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HBO Unable To Film TV Show About Horse Racing Without Horses Dying

Say you're a high-profile media company and you've got a hit show on your hands that delves into the shadowy world of horse racing. You know what might be in your best interest? Keeping the horses alive. First off, because they're the stars of your show. (What, you were going to say Nick Nolte?) But most importantly, it's because people get really pissed off when you let animals die for no discernible reason.

And yet, a third horse has now died during production of HBO's meh-rated show Luck, which is winding down its first season. (It's already been renewed for a second.) The first two horses died during racing scenes, but this latest fatality sounds like the result of a freak occurrence.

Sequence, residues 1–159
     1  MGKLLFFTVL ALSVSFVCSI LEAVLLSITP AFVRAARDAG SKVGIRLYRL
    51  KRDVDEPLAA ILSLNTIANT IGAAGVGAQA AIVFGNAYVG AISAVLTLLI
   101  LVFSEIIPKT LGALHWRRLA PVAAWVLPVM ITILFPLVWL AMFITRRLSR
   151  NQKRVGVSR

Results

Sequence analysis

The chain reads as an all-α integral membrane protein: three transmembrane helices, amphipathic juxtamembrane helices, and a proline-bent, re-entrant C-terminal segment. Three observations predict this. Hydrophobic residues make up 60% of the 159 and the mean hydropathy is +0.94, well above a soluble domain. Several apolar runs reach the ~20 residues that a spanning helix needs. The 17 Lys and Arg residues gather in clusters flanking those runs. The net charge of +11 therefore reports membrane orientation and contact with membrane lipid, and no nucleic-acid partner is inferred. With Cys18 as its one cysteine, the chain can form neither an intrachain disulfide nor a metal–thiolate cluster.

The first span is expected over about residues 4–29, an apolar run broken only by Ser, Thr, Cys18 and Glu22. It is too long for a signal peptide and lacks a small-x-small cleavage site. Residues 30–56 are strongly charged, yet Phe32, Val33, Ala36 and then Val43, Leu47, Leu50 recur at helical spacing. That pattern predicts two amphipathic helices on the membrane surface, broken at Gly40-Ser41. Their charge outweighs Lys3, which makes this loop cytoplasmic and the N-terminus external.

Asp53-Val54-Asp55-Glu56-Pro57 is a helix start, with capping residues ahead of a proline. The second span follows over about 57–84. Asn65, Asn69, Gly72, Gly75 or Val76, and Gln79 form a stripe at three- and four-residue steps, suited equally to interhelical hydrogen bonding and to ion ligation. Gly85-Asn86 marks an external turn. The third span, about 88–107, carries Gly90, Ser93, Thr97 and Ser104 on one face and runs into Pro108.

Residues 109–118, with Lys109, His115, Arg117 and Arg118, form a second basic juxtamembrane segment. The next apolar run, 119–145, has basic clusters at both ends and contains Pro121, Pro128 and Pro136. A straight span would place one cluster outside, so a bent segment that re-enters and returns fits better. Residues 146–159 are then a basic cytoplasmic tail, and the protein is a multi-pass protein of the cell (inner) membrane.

"The horse was on her way back to the stall when she reared, flipped over backwards, and struck her head on the ground," [California Horse Racing Board veterinarian Gary] Beck said in a statement. An attending veterinarian determined that euthanasia was appropriate, he said.


PETA, as you might suspect, is none too pleased with this recent development.

But don't expect HBO or executive producers David Milch and Michael Mann to come clean about who the horse was and what condition he was in. They refused to tell us anything about the first two horses, so with the help of caring whistleblowers, we unearthed the disturbing evidence ourselves: One horse was drugged, and the other was arthritic and hadn't raced in years. Neither one should have been anywhere near a racetrack.


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